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Japanese Curry:
This is one of my absolute favorite Japanese foods; in fact, we eat it almost once per week in our household. The tricky part is seasoning this curry—before I serve it, I add soy sauce and miso to finish. I also like to serve this with pickled ginger. This makes a decent amount, and it freezes very well.

Pro tip: Make one day ahead so flavors can marry, like chili.

Yield: 6 to 8 servings

2 tablespoons Wadaman Dark Roasted Golden Sesame Oil
1 lb boneless, skinless chicken thighs, cut into bite-sized pieces
2 cups yellow onion, roughly cut into 1- inch chunks
Sea salt
1 tablespoon chopped garlic
2 tablespoons finely diced ginger
1 apple, peeled, cored, diced small
1 cup carrots, peeled, oblique cut in bite-sized pieces
1 lb Yukon Gold potatoes, peeled, cut into bite-sized pieces
¼ cup sake
3 to 4 cups chicken stock
3 to 4 cups Dashi 
2 tablespoons Suehiro Usukuchi Soy Sauce
¼ to ⅓ of the Curry Brick (see recipe below)
Yamaki Jozo Organic Soy Sauce - to taste
Horikawaya Nomura Shiro (White) Miso - to taste
Pickled Young Ginger, for serving (optional)

Add the sesame oil to a large saucepan, and bring to the smoking point over high heat. Add the chicken and cook, stirring occasionally, until browned. Reduce the heat to medium high, then add the onion and ½ teaspoon salt, cook for one minute, and add your garlic and ginger. Cook until very fragrant, about a minute, then add the apple and cook for 2 to 3 minutes more. Add the carrots and potatoes, cooking until the carrots are warmed through.

Now add the sake, and cook until it has evaporated. Add 3 cups of the chicken stock, 3 cups of the dashi and the usukuchi soy sauce. Bring to a boil, then reduce the heat and simmer for 5 minutes. Add ¼ of the curry brick chunk by chunk and stir until it dissolves. Continue simmering for 20 to 30 minutes, until the curry has reduced by about ⅓ and pours thickly off a spoon (it should pour, not glop). Taste. Adjust the consistency and spice level by adding more curry brick if desired, or thin the curry with more dashi or stock.

To finish, return the curry to a boil, and add soy sauce and miso to taste—both help with seasoning but lend different characteristics to the dish. Soy sauce adds a nice dark, salty element, whereas the miso adds a sweet salty aspect. Start by adding a little of both, then experiment to find the balance you desire.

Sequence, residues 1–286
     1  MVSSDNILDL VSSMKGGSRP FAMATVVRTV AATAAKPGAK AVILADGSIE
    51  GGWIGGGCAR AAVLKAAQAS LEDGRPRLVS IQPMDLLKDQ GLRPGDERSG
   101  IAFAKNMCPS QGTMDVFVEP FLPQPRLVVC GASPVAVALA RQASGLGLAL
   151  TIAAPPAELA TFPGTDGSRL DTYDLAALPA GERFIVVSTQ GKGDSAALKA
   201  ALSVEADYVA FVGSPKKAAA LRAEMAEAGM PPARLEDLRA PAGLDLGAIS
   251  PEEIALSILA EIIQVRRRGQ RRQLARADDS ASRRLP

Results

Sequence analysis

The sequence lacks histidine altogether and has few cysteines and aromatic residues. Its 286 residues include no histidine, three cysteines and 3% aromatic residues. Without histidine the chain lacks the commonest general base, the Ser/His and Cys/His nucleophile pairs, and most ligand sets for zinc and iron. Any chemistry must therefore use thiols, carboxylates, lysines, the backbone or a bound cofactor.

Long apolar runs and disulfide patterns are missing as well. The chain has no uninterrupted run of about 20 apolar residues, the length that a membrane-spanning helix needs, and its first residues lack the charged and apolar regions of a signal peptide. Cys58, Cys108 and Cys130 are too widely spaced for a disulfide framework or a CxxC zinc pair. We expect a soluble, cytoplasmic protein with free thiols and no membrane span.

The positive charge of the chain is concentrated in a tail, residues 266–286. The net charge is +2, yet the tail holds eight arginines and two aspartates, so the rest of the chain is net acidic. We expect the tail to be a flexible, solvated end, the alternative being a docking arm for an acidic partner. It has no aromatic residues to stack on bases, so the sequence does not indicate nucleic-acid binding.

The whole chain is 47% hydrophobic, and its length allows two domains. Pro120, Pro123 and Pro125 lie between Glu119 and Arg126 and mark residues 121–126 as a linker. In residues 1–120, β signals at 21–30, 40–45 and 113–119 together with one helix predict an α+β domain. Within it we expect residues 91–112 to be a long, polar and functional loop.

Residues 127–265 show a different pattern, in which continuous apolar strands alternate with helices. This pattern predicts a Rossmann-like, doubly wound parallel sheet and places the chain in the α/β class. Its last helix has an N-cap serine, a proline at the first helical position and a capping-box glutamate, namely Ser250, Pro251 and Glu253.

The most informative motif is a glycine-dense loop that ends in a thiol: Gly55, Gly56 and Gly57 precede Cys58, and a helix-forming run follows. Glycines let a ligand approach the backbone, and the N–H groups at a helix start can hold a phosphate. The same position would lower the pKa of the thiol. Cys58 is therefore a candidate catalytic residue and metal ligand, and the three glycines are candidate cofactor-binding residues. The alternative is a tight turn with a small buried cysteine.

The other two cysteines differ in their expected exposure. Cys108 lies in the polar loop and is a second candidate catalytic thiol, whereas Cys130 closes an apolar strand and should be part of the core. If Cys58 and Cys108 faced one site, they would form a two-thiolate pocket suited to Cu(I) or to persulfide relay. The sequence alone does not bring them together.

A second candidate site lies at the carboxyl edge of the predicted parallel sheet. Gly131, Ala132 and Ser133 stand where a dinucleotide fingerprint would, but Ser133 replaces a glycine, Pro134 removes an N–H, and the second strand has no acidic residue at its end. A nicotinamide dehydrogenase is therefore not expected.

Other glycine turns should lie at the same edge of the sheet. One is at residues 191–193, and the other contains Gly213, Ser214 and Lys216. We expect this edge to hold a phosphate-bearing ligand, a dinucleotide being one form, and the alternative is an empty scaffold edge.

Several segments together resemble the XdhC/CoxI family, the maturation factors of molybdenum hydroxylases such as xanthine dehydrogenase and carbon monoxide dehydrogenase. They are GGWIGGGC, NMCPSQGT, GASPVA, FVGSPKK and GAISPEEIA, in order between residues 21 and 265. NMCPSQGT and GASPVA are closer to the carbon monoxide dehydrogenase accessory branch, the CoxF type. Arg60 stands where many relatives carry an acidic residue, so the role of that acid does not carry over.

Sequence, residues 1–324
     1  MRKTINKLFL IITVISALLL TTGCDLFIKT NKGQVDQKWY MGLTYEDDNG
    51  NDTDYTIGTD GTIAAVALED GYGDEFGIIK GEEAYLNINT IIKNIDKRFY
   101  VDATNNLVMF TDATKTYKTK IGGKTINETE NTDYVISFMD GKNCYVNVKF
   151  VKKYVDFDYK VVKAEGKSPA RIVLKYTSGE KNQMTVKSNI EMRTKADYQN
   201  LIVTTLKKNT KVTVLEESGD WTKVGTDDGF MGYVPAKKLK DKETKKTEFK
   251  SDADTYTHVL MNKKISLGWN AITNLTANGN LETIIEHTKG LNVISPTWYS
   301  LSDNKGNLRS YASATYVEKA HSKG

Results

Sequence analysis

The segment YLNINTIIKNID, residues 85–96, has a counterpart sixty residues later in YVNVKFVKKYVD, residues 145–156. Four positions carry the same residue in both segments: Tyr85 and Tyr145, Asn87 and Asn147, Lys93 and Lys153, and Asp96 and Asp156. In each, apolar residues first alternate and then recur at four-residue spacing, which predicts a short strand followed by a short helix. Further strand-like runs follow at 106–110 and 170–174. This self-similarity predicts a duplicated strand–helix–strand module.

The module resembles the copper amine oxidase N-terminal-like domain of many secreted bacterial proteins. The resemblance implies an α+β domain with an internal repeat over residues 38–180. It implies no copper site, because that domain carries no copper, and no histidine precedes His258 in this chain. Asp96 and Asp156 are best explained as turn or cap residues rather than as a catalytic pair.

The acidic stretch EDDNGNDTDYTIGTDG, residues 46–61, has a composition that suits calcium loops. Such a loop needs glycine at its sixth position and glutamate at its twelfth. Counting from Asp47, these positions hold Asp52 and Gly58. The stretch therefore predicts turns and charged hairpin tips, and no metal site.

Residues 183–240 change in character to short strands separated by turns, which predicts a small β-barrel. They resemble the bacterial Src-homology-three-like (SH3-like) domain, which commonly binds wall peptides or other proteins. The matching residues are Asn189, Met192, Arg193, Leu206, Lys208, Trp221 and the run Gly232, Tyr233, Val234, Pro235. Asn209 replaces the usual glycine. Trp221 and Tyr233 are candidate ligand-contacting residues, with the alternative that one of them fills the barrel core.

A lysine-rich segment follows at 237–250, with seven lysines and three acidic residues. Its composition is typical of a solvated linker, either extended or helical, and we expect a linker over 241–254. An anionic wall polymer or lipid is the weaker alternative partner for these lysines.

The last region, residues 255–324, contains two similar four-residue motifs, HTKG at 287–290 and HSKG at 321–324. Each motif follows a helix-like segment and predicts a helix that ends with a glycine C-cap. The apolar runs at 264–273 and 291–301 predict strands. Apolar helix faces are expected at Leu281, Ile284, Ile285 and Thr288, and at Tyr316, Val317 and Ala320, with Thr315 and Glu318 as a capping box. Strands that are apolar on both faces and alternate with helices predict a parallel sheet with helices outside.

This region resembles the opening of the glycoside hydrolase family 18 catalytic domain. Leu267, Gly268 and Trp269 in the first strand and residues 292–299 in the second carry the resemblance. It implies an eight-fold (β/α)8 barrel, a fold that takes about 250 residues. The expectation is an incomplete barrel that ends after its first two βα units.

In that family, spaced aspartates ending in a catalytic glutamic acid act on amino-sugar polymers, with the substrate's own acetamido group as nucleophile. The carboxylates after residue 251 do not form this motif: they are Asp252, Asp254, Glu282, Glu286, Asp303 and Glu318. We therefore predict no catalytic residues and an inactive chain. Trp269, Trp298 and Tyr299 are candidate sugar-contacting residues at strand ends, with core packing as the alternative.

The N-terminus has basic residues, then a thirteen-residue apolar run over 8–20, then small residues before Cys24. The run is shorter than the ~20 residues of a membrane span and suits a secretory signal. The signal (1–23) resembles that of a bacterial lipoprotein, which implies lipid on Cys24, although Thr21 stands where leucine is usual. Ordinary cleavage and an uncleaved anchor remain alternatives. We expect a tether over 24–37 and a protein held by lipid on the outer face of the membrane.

Serve with a side of pickled ginger.

Japanese Curry Brick:
Adapted from: Sonoko Sakai's recipe in her book, "Japanese Home Cooking"

We eat Japanese curry once a week in my house. It is so soul satisfying and reminds me of many nights eating curry in subterranean shopping malls in Japan. But I never felt my recipe was complete until I was introduced to the Curry Brick recipe in Sonoko Sakai's cookbook, "Japanese Home Cooking", which I adapted to suit my palate. This is the key ingredient in making your curry, because it's where so much of the flavor comes from! This recipe for the curry roux is very similar to the bricks you buy in markets, EXCEPT this is all natural and made by you! If you are feeling overwhelmed, you can also order an excellent curry brick directly from Sonoko's website,

Yield: Enough to flavor 25-30 Japanese Curry servings

1 (2-inch) cinnamon stick, pounded into small pieces
1 dried bay leaf
1 tablespoon brown mustard seeds
1 tablespoon coriander seeds
1 tablespoon cumin seeds
1 teaspoon fenugreek seeds
½ teaspoon whole cloves
2 whole cardamom pods
1 teaspoon whole black peppercorns
1 (1-inch strip) Aimono Rausu Konbu, cut into bite-size pieces
Zest of 1 orange, finely grated or minced
1 tablespoon Takehisa Dried Shiitake Mushroom Powder
1 tablespoon ground turmeric
1 tablespoon ground ginger
1 tablespoon sea salt
1½ teaspoons cayenne pepper
1 teaspoon sweet paprika
1½ cups unsalted butter
2¼ cups all-purpose flour

In a large skillet, toast the cinnamon, bay leaf, mustard, all of the whole spices (seeds), cloves, cardamom pods and black peppercorns over medium heat, stirring until fragrant, about 2 minutes. Be careful not to burn the spices. Transfer the toasted ingredients to a spice grinder, along with the konbu.

Grind at the highest speed for 30 seconds. Shake the grinder a couple of times as you blend to make sure the cinnamon stick and konbu are pulverized. (You can grind the spices in batches, if necessary.)

Transfer the pulverized mix to a small bowl. Add the orange zest, shiitake powder, turmeric, ginger, salt, cayenne and paprika. Reserve.

To make the roux, melt the butter in the skillet over medium high heat. When the butter is nearly melted, reduce the heat to medium-low. Gradually whisk in the flour, eliminating all lumps. Stir constantly until the roux turns medium brown, 15 to 30 minutes. Be careful not to burn it. (A darker roux will mean deeper flavor, but cooking the flour for a long time also lowers its ability to thicken your curry; experiment to find the balance you like!). Turn off the heat, add the spice mix and stir until fully combined. Transfer to a loaf pan to cool, then refrigerate until firm.

To store: Once firm, unmold and wrap tightly in plastic wrap or parchment. Store airtight in the refrigerator for a month or in the freezer for 3 months.

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